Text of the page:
"Plus, every time he's on TV, I get a hundred e-mails telling me they just saw me on television (bald and in the comic industry, like that's hard to do). And what he wrote about JLA is as insightful and cool as Locke getting out of that wheelchair."

The book comes out June 7. Meltzer is also the author of the best-selling novel The Book of Fate, which just came out in paperback this week. Check 'em out.

PS here is a reprint of the "Celebrity Blog Tour" Q&A with Damon from The Book Of Fate release last year.

Damon Lindelof: When you were a little kid, what was your favorite thing to do in gym class? I ask this because most of us spazoids were terrible at the jock-attracting activities like basketball, football, baseball... well, ANYTHING with a ball really... but yet elementary school gym offered a wider curriculum of activities. So give it UP!

Brad Meltzer: Red Rover, Red Rover, we call Damon right over. No ball, no brawn, no athletics involved -- and the first little mind game they let us play. I wasn't strong or fast, but man, did the meatheads get pissed if they didn't get their name called. I took the smallest amount of pathetic joy in that.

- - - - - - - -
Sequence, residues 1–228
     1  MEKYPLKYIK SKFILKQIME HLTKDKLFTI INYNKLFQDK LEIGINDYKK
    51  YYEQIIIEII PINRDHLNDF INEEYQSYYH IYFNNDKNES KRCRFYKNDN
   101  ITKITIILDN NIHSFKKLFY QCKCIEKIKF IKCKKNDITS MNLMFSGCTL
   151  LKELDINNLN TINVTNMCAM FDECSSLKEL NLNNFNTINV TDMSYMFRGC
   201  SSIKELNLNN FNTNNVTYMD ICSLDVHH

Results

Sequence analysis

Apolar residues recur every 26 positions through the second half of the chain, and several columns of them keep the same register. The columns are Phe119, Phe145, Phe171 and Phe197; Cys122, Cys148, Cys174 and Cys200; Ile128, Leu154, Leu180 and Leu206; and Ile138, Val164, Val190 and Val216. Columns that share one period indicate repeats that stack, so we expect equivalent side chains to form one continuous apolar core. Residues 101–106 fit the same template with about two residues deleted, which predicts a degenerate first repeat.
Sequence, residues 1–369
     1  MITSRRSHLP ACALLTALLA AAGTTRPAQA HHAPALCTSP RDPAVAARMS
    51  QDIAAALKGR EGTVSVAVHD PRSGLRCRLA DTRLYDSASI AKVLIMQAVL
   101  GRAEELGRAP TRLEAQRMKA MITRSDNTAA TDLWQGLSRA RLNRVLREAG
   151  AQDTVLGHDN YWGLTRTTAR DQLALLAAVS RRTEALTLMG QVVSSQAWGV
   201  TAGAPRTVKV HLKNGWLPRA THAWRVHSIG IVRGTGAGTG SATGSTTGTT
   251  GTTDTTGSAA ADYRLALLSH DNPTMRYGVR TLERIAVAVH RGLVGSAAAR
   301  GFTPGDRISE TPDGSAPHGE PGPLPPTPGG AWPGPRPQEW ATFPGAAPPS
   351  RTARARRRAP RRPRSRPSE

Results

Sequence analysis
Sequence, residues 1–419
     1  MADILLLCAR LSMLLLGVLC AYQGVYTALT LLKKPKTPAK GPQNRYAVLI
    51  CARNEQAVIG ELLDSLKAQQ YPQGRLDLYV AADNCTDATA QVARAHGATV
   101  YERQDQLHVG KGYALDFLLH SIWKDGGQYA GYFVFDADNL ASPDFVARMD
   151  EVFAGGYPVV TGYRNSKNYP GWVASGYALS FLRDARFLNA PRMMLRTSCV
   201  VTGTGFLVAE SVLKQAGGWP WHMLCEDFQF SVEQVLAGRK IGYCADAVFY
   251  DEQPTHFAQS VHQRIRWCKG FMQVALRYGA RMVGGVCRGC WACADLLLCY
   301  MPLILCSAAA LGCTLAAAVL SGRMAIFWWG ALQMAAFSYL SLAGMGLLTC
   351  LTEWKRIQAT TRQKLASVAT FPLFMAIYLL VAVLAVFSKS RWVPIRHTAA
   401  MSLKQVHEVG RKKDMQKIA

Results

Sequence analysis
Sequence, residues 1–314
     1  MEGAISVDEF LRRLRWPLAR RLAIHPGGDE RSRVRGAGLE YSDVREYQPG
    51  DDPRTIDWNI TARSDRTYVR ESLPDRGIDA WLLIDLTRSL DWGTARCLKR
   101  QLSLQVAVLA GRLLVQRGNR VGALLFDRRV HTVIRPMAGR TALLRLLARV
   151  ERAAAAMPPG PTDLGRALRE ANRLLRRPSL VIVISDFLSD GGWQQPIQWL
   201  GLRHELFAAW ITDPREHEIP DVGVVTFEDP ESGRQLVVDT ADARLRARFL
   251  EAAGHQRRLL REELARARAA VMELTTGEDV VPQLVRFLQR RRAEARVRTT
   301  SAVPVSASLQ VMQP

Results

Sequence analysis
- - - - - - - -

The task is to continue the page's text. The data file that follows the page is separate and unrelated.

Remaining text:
Lindelof: You have a time machine. You can go back to ANY time in your own life and tell yourself to do something differently. You may NOT place any bets or give stock tips. To what point in your life do you travel and what do you tell yourself? Paradoxes are welcomed.

Meltzer: Brooklyn, New York, July 5, 1984. The day my family left Brooklyn to move to Florida. I was fourteen, my mom and dad had no jobs, no place to live, and only $1,200 to their name. They packed me and my sister in our crappy Dodge and began driving to Florida. So there, yes, it would've been nice to have someone whisper in my ear that things would be okay. But I was a cynic at fourteen and would've thought the current Me was a bald, uncool white dude, so I would've screamed, "Stranger!" and run away, thinking, "What a turd." Nice going, Me--brilliant at fourteen. Besides, all that fear and anxiety is the core of everything in my belly, so I'm glad I'd think I was a knob. Go, young cool Me!